* Limited number of 'supercredits' spur innovation
* Too many would mean conventional cars do not get cleaner
By Barbara Lewis
BRUSSELS, Feb 18 Germany's tactics to safeguard
its output of big, luxury cars threaten a planned target for
European Union limits on vehicle carbon emissions by 2020 and
could also jeopardise any future ambitions, a document from the
bloc's executive said.
Proposals from the German government and German Christian
Democrat politician Thomas Ulmer undermine attempts to enforce a
95 grams of CO2 per km (g/km) emission ceiling on cars by 2020,
according to the Commission document seen by Reuters on Monday.
EU politicians are divided between those keen for rigorous
green standards and those seeking flexibility.
The German car industry and Ulmer, who is leading debate on
the car law continuing in the European Parliament this week,
have been at the forefront of demands for increased allocation
of so-called supercredits.
These allow manufacturers to produce cars that exceed the EU
target if they also make very low emission electric or hybrid
The Commission says a certain number of supercredits (a
maximum of 20,000 per manufacturer) could support innovation,
but too many would be counterproductive because that could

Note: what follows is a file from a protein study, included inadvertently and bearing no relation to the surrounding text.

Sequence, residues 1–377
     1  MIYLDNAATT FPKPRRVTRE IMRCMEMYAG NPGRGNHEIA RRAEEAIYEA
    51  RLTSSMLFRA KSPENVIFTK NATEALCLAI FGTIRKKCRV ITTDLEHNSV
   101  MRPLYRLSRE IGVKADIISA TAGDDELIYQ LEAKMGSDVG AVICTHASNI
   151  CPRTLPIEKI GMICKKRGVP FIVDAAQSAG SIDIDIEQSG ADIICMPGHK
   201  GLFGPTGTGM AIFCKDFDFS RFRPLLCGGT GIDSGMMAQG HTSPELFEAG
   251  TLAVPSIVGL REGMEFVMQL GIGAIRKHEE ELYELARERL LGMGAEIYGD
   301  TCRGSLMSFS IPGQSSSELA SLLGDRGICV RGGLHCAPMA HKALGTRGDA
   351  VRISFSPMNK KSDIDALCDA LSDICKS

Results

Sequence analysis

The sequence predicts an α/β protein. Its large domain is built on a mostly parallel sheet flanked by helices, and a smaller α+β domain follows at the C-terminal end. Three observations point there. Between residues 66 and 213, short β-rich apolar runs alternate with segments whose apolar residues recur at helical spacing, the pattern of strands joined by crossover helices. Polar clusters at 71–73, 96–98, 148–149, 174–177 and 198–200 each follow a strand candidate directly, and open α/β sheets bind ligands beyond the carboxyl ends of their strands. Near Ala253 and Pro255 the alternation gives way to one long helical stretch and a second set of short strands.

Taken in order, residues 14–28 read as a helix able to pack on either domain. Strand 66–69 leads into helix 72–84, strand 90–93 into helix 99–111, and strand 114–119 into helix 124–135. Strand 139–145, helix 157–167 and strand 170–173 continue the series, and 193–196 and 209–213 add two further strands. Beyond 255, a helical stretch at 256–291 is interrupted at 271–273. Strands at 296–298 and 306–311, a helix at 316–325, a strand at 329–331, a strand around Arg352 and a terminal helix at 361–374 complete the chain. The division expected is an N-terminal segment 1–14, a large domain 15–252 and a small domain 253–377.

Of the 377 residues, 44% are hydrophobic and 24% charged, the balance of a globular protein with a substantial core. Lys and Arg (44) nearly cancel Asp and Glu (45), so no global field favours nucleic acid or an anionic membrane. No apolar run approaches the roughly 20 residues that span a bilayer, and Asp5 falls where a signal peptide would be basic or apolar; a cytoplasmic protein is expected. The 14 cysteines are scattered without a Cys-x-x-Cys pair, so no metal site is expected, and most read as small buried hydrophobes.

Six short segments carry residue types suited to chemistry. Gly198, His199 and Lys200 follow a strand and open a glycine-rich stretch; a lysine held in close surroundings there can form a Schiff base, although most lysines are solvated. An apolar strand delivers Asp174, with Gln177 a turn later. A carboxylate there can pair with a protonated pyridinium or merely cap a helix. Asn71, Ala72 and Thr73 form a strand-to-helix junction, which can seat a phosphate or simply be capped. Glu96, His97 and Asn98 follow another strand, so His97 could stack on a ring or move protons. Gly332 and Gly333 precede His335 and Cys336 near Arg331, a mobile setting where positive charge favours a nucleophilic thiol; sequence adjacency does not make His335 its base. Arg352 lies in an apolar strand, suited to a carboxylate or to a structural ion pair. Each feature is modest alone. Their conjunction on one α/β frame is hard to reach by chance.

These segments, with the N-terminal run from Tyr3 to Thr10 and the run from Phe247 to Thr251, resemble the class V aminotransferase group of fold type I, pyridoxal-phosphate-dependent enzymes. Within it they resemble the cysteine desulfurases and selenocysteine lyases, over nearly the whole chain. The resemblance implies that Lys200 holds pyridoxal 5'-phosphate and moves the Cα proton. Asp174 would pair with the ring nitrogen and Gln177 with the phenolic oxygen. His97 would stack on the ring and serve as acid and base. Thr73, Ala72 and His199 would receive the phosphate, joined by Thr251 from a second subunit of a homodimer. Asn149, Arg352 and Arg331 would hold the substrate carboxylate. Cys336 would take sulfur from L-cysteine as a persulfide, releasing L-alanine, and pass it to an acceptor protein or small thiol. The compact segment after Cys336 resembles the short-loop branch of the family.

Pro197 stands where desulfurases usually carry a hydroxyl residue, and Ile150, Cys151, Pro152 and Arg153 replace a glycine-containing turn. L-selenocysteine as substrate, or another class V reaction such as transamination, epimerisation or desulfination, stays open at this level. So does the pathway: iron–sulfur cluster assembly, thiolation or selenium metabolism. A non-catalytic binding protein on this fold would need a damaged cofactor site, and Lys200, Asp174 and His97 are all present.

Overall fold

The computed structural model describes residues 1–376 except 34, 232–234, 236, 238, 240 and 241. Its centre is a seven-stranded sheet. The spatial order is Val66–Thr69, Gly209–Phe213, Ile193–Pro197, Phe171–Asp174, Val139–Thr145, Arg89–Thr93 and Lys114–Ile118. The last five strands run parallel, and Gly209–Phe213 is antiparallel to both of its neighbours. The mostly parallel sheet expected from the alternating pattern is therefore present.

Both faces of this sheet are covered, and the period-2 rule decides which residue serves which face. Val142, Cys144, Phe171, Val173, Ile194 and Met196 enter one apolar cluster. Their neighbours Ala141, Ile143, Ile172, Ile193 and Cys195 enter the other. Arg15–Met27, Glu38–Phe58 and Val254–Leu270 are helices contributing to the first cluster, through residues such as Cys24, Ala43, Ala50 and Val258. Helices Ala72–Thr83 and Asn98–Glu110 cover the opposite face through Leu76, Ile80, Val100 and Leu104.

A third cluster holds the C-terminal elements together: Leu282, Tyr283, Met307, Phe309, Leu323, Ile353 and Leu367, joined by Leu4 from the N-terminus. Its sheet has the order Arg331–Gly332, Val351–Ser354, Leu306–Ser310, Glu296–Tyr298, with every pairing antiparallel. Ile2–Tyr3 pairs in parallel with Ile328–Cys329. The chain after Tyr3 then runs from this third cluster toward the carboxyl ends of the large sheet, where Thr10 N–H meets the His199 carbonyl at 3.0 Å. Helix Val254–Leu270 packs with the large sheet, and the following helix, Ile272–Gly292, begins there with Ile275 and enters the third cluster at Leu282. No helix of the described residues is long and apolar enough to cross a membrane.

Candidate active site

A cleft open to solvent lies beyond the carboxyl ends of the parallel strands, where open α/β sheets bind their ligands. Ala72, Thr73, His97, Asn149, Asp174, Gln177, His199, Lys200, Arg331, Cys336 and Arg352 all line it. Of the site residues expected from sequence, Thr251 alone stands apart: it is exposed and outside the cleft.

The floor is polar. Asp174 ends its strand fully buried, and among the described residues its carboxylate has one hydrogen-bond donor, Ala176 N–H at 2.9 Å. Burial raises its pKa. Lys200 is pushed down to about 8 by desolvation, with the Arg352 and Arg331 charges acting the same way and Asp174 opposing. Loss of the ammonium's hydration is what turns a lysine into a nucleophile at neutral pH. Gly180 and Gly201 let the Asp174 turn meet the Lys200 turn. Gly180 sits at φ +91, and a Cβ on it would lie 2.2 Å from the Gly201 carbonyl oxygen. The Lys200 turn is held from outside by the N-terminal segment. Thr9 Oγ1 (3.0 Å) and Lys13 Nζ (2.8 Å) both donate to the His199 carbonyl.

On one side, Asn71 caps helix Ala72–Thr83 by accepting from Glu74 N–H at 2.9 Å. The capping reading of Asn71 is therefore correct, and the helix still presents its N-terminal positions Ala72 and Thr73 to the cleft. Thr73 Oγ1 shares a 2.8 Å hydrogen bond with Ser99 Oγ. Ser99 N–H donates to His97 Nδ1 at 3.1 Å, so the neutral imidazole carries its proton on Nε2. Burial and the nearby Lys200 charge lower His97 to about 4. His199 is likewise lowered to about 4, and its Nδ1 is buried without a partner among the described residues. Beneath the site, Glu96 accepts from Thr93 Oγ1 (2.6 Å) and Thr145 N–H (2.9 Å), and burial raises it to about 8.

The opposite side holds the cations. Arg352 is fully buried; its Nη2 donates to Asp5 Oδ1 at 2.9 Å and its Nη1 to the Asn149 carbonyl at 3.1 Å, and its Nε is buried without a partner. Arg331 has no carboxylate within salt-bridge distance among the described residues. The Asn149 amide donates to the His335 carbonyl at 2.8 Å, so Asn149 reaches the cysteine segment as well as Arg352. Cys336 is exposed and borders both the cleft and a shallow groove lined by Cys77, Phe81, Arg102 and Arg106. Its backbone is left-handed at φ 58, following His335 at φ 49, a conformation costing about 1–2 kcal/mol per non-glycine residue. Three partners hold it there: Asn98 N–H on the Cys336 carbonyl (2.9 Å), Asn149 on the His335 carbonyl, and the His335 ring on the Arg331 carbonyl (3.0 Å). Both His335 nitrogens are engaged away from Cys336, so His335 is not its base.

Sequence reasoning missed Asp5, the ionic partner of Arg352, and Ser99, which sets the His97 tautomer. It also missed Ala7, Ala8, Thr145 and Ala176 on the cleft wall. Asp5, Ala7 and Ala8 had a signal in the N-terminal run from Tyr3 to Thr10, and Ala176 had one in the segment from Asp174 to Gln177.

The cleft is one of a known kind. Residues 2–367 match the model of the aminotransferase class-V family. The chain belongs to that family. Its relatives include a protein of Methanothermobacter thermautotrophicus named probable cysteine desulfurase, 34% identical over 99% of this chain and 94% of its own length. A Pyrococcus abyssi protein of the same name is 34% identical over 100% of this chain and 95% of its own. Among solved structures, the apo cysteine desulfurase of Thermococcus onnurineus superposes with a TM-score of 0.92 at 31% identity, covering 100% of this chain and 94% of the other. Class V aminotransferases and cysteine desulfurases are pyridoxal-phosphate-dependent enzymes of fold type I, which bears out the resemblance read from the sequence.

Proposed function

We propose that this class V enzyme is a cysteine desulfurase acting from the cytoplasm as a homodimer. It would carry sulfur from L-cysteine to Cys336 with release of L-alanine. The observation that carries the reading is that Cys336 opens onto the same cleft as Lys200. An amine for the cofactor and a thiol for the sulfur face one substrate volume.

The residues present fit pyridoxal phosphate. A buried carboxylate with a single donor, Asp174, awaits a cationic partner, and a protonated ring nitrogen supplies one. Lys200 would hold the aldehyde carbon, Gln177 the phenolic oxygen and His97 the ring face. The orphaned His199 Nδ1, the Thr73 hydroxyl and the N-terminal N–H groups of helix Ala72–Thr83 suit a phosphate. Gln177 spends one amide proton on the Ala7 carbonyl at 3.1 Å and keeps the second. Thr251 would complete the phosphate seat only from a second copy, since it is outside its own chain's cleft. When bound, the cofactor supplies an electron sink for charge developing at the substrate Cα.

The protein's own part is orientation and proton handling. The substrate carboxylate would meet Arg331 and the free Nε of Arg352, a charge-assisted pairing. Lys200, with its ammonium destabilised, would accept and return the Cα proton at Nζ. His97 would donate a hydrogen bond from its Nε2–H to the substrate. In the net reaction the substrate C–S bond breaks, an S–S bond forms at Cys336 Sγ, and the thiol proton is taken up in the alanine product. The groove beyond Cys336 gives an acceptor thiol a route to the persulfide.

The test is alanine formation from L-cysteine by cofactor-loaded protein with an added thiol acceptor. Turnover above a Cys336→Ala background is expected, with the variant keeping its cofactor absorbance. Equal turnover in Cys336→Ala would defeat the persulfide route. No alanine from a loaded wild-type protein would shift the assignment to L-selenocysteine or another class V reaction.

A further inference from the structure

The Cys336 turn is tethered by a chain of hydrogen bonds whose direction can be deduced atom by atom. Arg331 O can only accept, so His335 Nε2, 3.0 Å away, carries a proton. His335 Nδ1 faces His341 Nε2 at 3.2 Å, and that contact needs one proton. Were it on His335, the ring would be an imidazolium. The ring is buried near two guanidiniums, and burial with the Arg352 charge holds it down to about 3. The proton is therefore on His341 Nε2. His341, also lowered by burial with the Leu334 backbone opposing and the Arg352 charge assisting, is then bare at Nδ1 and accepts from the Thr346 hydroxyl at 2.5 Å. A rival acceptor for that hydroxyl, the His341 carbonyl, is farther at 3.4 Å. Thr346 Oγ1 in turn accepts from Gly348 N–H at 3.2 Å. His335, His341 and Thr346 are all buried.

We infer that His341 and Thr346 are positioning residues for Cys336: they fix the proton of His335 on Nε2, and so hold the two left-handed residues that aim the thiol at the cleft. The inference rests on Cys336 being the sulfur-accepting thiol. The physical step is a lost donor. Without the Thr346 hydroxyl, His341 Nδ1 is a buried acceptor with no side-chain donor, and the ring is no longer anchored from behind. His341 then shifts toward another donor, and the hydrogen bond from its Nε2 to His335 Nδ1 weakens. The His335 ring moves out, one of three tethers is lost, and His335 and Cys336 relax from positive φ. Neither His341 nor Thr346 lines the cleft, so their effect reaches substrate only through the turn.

prevent conventional cars from becoming any less polluting.
The internal Commission document, seen by Reuters, looked at
four scenarios based on the German proposals - which would set
no limit on supercredits - and found they would mean emissions
in a range of 99 g/km to 123 g/km - compared with the EU goal of
95 g/km on average across all new EU vehicles by 2020.
As a result, it said, they would lead to "substantial
increases in CO2 emissions and oil use" as well as "significant
increases in consumer fuel costs and resulting decreases in
There would also be knock-on effects. Because the
supercredits would delay achievement of the 95 gram target, the
German proposals would "have implications for the ability to set
further CO2 targets".
Germany dominates the premium car segment, with
manufacturers including BMW, Mercedes and Audi.
By contrast, proposals by British Liberal Member of the
European Parliament Fiona Hall and Spanish Socialist MEP Eider
Gardiazabal give an incentive for very low emissions vehicles,
but have only "a limited impact on the effective CO2 target".
As a result, "their impact on consumer fuel costs and GDP is
also rather limited," the Commission paper said.
The scenarios give a range of deviation from the Commission
target, depending on how many supercredits are earned through
the production of ultra-low emission vehicles.
Greg Archer, a programme manager at campaign group Transport
& Environment, predicted 10-15 g/km in excess of the 95 gram
goal was likely, given ambitious German targets for electric
"The effect will be fewer jobs created, higher fuel bills
for drivers and more CO2 released," he said. "Yes, we want to
encourage electric vehicles, but we don't want to encourage
electric vehicles if that means conventional cars don't get any
The Commission declines to comment on unpublished documents.
None of the Members of the European Parliament involved was
immediately available for comment.
(Editing by Anthony Barker)